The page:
Painting in Transition

Five post-Franco artists in search of a strategy

One of the works by Juan Navarro Baldeweg that features in the exhibition.
One of the works by Juan Navarro Baldeweg that features in the exhibition.

During the end of the 1970s and the start of the 1980s, right in the middle of Spain’s transition to democracy, a number of artists were responsible for a change in painting that reacted against the traditional avant-garde in Europe (Picasso, Matisse) and the US (Willem de Kooning, Robert Motherwell). They didn’t act as a group; rather, each of them was searching for their own originality in a society in which everything was still yet to be defined.

Alfonso Albacete, Miguel Ángel Campano, Ferran García Sevilla, Juan Navarro Baldeweg and Manolo Quejido are the five stars of Idea: Painting-Force. On the hinge between the 70s and the 80s, which runs at the Reina Sofía Museum’s Palacio de Velázquez in the Retiro Park until May 18. The palace’s vast halls have been divided into five parts featuring 10 works by each artist, all created between 1976 and 1984. An installation by Baldeweg, Interior V. Luz y metales (1976), serves as a link between the pieces. Revolving around a swing, it’s an invitation to sway by a world of dazzlingly colorful large-format works in which the figurative sits calmly with the abstract.

“They are artists whose work lies in the margins between different forms of representation,” explains Reina Sofía director Manuel Borja-Villel. “They look at the reality outside and they look at the great masters — Poussin, Velázquez — with the aim of pictorial practice in mind.”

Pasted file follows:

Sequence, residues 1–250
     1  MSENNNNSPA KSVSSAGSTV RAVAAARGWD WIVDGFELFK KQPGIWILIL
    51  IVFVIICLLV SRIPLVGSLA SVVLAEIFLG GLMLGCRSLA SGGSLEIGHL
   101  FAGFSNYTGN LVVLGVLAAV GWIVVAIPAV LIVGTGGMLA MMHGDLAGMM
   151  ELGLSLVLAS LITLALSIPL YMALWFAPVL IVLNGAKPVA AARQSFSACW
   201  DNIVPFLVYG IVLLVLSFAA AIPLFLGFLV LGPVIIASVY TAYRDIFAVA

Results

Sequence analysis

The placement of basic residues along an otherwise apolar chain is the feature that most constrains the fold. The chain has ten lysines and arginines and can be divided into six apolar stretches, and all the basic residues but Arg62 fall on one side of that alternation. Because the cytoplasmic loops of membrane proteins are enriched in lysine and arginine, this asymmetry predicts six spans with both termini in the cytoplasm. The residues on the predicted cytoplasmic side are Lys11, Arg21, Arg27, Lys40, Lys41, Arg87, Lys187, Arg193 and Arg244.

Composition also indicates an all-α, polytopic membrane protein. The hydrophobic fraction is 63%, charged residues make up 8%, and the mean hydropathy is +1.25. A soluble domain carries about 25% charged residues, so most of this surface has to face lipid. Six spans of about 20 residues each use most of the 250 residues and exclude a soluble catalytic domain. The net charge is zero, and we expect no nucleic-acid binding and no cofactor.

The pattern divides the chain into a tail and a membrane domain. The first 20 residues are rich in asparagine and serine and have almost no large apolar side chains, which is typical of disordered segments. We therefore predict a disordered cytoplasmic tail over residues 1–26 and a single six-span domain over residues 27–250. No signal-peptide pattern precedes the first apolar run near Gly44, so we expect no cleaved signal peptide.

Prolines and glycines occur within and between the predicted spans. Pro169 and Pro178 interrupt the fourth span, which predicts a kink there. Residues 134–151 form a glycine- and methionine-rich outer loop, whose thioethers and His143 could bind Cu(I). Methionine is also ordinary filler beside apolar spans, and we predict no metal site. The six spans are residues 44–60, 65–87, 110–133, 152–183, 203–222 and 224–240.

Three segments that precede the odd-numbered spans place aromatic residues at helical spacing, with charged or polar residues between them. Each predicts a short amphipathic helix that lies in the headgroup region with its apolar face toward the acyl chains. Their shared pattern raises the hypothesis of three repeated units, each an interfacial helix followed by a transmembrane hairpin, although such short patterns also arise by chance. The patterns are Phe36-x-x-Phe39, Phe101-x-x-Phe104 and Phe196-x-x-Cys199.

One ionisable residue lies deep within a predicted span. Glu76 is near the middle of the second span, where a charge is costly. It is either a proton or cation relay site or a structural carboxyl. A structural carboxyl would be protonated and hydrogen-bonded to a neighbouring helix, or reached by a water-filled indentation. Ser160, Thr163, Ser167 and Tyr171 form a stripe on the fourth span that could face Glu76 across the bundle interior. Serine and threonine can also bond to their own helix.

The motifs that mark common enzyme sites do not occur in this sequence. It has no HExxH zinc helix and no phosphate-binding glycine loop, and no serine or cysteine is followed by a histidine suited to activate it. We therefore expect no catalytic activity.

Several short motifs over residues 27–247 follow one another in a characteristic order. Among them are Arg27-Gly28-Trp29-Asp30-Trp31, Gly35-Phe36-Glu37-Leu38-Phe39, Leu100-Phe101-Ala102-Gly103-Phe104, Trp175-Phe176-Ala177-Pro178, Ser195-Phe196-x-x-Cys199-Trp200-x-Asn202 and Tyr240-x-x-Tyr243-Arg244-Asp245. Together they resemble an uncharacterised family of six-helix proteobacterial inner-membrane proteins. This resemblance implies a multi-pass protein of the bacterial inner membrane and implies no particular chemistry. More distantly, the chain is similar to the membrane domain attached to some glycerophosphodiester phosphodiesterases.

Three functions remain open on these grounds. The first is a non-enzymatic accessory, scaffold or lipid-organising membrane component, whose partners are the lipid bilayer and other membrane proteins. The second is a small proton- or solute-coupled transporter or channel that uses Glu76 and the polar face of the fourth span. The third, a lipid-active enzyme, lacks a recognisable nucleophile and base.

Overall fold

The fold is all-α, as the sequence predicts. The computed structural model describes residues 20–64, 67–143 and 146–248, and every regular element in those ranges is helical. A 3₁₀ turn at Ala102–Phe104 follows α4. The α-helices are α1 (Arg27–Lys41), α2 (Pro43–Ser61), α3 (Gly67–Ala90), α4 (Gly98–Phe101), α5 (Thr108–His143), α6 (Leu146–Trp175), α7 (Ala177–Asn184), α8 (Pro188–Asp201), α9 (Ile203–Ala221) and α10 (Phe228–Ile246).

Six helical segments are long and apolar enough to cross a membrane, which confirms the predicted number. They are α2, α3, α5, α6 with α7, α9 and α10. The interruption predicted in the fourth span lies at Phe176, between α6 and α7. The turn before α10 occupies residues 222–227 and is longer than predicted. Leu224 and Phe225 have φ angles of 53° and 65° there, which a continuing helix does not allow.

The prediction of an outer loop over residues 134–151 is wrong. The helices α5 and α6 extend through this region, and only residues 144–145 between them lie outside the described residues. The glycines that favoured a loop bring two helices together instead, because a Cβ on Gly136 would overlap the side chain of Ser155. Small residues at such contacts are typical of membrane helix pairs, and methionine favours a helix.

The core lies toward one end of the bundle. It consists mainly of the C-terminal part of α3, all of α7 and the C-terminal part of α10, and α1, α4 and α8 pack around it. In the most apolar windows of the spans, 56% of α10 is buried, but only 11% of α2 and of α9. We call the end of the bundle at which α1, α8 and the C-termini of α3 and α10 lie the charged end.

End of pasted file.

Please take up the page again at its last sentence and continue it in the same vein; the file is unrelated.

Curator Armando Montesinos says the show tries to examine a period rather than a collective of artists. “It was an enormously active time, but it was weak in infrastructure. Museum spaces for contemporary art were scarce and the galleries, emerging. Nevertheless it was brimming over with creativity. It was looking for internationalization at any cost and thinking about a market that didn’t exist at the time.”

The only apparent link between the artists is their individual search for their own creative strategy. Albacete’s landscapes of dead nature combine the figurative and the abstract; Baldeweg produced installations as well as bright canvases in the style of Picasso or Matisse; while Quejido’s cards mix realism and pop art. “The problem was how to continue painting after having visited the Prado Museum,” the latter says. “The personal search was the only solution.”

Idea: Pintura Fuerza. En el gozne de los años 70 y 80. Until May 18 at Museo Nacional Centro de Arte Reina Sofía, Palacio de Cristal, Parque del Retiro, Madrid.

Recomendaciones EL PAÍS
Recomendaciones EL PAÍS